Please note Friday the 30th of September 2016 is a public holiday in Victoria, and Image Science will be closed.
Printing bigger is challenging, but increasingly popular. You're a visual artist, you want your work to be seen. Printing bigger is one way to make sure it gets more attention.
Here are 5 things to think about when 'super-sizing' your print.
One of the least known tricks for effective large prints is to take note of the behaviour of shadows in larger prints. When you print low key detail across a large area, the perceptual effect is that the shadow lightens considerably. This means that if you want to match the feel of your smaller prints in contrast terms, you need to take care to print your images down slightly when you go up in size.
People - even experienced printers - often look at me like I am crazy when I tell them this but trust me, it's true and quite logical when you think about it - the eye finds it easier to pick up the detail in the shadows if they are spread over a larger area. Try it and you'll soon see that this is one of the real tricks of people who have mastered printing bigger!
Heavily textured papers tend to overwhelm small prints. Art papers are popular at the moment and people tend to start using them for everything and pay little attention to the visual result. However, the reverse is also true - subtly textured papers get lost with larger prints. This is where the more textured papers really come into their own. Something like Torchon is perfect for bigger prints, especially if you're leaving a white paper border around your images.
There's an obsession with 300 PPI in this industry. And in many contexts, it's a reasonable rule of thumb. The reality is, when printing bigger, the source materials very rarely have 300PPI available at the print size. So the question becomes - how low can you go? We've up-sized files from an original canon 5D to over 1.5m and they have held up remarkably well. Low ISO files have very little noise and while of course it won't be sharp at the full size in the same sense as a smaller print would be, from a sensible viewing distance for such a large print, which is generallly a few metres away, it will appear sharp.
Modern up-sizing algorithms are very very good - the one we use here in our RIP is quite frankly outstanding and capable of taking very small, good quality files to very large sizes indeed, without odd artefacts. Our RIP does a far better job in fact than the various other methods out there such as genuine fractals, stairstep in PS with sharpening etc. It's almost magic!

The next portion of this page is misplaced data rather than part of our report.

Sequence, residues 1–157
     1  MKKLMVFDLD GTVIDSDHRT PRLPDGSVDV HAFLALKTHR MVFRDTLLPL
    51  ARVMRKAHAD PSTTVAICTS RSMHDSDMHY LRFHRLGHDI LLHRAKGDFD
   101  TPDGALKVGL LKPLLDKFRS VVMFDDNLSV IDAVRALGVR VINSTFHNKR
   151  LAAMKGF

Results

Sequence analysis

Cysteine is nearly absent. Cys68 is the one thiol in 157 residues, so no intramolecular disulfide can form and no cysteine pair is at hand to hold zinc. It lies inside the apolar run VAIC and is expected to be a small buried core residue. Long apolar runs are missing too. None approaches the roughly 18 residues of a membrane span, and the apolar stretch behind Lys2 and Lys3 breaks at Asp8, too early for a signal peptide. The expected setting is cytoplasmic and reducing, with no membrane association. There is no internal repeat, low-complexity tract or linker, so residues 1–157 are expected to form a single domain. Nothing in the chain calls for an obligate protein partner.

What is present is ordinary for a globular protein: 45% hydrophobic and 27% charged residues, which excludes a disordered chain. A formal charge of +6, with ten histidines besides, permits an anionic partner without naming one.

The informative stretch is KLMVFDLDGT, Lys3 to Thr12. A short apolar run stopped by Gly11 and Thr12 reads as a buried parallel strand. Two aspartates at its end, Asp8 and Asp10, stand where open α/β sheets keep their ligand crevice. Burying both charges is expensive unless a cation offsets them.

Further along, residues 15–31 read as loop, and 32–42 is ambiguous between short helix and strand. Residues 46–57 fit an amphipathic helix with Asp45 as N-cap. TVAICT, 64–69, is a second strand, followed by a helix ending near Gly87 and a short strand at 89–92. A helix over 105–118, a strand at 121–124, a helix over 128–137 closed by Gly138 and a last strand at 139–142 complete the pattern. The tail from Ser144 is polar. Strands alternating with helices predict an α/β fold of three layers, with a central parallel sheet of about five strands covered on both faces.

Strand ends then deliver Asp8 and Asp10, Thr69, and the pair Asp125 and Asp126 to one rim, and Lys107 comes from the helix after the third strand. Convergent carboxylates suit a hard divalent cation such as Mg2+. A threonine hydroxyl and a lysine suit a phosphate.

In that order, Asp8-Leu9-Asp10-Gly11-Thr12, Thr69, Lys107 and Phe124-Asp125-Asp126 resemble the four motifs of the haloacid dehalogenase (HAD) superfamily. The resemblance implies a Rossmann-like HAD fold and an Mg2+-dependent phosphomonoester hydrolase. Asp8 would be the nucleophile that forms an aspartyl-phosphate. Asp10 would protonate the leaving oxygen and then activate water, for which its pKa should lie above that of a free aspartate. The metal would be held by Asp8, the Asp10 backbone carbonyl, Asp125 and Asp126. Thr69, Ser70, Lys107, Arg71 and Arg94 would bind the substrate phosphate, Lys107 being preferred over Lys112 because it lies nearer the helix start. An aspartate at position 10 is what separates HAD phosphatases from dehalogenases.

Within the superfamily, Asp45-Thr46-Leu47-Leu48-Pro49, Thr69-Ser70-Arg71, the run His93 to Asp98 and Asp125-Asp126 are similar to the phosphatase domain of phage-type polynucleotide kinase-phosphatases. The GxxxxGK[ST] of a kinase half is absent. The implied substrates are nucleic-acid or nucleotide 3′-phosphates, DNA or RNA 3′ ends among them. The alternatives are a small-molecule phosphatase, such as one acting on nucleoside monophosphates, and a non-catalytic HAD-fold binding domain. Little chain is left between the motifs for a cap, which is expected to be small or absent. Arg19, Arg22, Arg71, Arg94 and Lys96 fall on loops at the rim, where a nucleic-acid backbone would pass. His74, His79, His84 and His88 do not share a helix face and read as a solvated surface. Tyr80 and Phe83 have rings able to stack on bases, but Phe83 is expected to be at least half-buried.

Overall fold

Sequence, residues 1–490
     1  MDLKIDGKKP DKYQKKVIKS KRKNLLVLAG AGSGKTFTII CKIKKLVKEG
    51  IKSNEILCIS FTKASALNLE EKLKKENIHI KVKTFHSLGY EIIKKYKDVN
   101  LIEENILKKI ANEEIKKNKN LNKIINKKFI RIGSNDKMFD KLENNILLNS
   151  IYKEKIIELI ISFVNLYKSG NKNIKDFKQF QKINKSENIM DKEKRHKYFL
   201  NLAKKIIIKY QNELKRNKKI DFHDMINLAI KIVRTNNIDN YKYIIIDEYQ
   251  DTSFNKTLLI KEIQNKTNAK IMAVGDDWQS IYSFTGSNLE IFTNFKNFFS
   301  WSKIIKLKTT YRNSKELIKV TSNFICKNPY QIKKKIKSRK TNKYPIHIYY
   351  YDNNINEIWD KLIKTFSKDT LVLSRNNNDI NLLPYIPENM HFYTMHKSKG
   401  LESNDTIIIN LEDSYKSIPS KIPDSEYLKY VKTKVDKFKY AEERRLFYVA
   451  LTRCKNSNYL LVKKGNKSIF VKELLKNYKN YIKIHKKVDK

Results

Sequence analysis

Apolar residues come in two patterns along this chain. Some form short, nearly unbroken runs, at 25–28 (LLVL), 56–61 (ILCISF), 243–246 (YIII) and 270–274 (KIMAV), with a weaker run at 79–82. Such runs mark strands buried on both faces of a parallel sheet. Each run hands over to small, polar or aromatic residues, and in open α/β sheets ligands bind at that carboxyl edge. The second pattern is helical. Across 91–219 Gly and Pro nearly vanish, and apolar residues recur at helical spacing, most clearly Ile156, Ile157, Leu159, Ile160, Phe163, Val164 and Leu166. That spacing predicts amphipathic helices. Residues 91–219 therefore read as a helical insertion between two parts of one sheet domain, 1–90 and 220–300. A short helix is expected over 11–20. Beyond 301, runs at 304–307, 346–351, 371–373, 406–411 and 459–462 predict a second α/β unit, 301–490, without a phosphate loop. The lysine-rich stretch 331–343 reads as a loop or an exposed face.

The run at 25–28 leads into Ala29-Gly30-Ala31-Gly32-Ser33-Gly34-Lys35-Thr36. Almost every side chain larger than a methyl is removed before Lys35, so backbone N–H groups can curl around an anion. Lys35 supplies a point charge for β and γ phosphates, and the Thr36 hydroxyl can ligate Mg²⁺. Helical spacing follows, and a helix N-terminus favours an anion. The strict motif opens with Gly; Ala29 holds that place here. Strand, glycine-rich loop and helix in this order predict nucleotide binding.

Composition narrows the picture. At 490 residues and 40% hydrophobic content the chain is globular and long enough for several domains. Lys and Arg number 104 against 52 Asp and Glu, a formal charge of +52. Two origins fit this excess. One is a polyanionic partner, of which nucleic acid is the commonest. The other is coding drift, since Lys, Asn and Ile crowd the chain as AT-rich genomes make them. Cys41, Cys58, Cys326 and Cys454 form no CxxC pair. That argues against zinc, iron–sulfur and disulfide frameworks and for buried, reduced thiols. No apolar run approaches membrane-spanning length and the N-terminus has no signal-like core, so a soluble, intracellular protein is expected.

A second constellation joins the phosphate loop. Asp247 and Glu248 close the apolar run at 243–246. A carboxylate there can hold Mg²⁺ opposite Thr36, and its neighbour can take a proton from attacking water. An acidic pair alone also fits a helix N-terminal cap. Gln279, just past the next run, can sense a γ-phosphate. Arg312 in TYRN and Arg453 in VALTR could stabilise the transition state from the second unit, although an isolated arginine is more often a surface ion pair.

You can read more about PPI/DPI and Resolution Requirements.
Good, sharp larger prints come from good, sharp originals, so taking real care as to your focussing, camera support and shooting at a low ISO is important, and if scanning film/artwork, getting a high resolution sharp scan. A low noise, very sharp file is the best thing for re-sizing - no post processing finesse can make up for poor technique in the field.
Hand holding the camera at 1/60th of a second is fine when printing a small print, but the bigger you print, the sharper your image needs to be. You will not receive an extremely sharp image at this low shutter speed when printing big. You get impressive gains in sharpness with every increment, 1/60th to 1/125th, 1/125th to 1/250th, so shooting at a higher speed will be substantially better for getting a super large print very sharp.
Big prints can be great, but if you go too big and things downstream can get very difficult. Think about the final finished size - e.g. a poster sized print (60 by 80cm or 24 by 35 inches), will be a solid 80 by 100cm at least when framed with a bit of breathing room. That's quite substantial on a wall and remember real walls are much smaller than those lovely white expanses of wall they have at galleries!
At that size, you can still use standard sized mate boards and framing materials. Once you go significantly over a metre in size, the framing becomes a lot more difficult, and therefore expensive. For example, over about a metre, perspex is usually used instead of glass. It's a lot lighter - but it's also a lot more expensive, and scratchable. Have a chat with your framer to make sure your sizes will not prohibit a really high quality finished result.
There is nothing worse than a sharp image of a fuzzy concept.Ansel Adams
Big prints show off flaws in your source material, but keep this in perspective. You will always be the fiercest critic of your own work. Remember that others are generally much more forgiving of things like a little softness or imperfect depth of field. If your image works as an image in that raw, basic sense - then it will work big too. It's far more important that the concept and visual idea/result is interesting than technically perfect. Ansel Adams said it best - "There is nothing worse than a sharp image of a fuzzy concept."